“They believed that this was an issue exclusive to the gay population. Also, not having access to information or providers in Spanish who could educate them, puts the community even more at risk,” Romo said. “They didn't understand all of the ramifications either, they were confusing HIV with AIDS, and I explained to them that although they are related, they are two different things. In fact, one of them was already in the AIDS phase, but thanks to the medicine he takes, he is stable."

Romo explained that now, thanks to the doctors who treat them, the people he has guided have already been able to receive education in Spanish about the virus, but the key is prevention, he said.

“We need prevention and awareness at all levels, for all people, equally,” Romo said.

Dr. Nachman, who also serves as head of the Maternal Child HIV/AIDS Program at Stony Brook Medicine, said her hospital is no longer seeing any new infected babies. “Our messaging to pregnant women has been wildly successful,” she said. “And we're using all the tools that we need to use and those women are not getting infected. And for those who are infected, they're not transmitting infection to the babies.”

These programs were developed amid a wave of AIDS-related deaths in the early 2000s, especially to prevent infection in-utero or at birth.

In addition, a system of state Designated AIDS Centers was set up to prevent and treat those living with HIV.

In Nassau County, North Shore University Hospital, part of Northwell Health, and Nassau University Medical Center, which is a public-benefit corporation, are included in the state network. The medical center is a public teaching hospital funded, in part, by Nassau County, and affiliated with Stony Brook University’s Health Sciences Center and Northwell Health.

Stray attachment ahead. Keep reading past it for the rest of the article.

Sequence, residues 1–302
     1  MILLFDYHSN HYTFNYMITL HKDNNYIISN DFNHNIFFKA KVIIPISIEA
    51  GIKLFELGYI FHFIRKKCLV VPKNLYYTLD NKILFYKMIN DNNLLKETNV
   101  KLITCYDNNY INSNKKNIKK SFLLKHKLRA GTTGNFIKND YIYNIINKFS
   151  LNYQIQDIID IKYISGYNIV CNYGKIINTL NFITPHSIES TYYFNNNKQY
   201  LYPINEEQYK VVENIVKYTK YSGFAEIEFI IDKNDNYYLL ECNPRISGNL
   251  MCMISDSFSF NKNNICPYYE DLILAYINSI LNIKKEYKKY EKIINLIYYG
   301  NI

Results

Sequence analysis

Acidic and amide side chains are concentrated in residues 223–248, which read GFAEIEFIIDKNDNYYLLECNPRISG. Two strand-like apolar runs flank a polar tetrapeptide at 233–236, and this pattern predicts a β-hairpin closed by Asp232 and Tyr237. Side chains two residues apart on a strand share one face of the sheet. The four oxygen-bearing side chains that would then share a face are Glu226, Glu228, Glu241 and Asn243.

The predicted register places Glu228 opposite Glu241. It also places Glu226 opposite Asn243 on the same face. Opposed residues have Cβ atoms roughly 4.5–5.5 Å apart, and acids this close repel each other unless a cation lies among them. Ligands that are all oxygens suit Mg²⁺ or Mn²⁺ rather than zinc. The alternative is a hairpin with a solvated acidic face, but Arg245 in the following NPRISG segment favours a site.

Stony Brook University Hospital is Suffolk County’s state designated AIDS provider serving those living with HIV.

“As the epidemic starts to shrink, with fewer and fewer people in the general population getting infected, it concentrates within certain communities,” Dr. McGowan noted, saying the goal now is to move into communities where direct intervention can be made to prevent, and treat those living with HIV.

While Long Island has more people living with HIV and more infections than any other region in the state other than New York City, the region does also fair well in viral suppression rates through engaging people in pre- and post-exposure prophylaxis, as well as screening and testing through “agencies that are on the ground in community” health care settings, Dr. McGowan said.

“Going to places where people can congregate: gymnasiums, beauty parlors, hair salons, places of worship. And that's where I think we'll be able to reach people,” he said. “You have to communicate from within the community. So you have to find it, you have to be sure that people recognize their own risk.”

Last year, Governor Kathy Hochul pledged to end the HIV/AIDS epidemic by 2024 in New York. This means the rate of new infections would decrease faster than the rate of deaths among people living with HIV.

In 2021, more than 2,300 New Yorkers died from the disease or complications other than having tested positive for the virus.

“I think the messaging about ‘HIV is not a death sentence’ has absolutely gotten through because they are having unprotected sex all the time,” Dr. Nachman said. “I think we should prevent it, instead of treating you while you're infected, because these are all new infections. That means we failed at prevention.”

A native Long Islander, J.D. is WSHU's managing editor. He also hosts the climate podcast Higher Ground. J.D. reports for public radio stations across the Northeast, is a journalism educator and proud SPJ member.
A Spanish language media outlet serving Suffolk County, New York.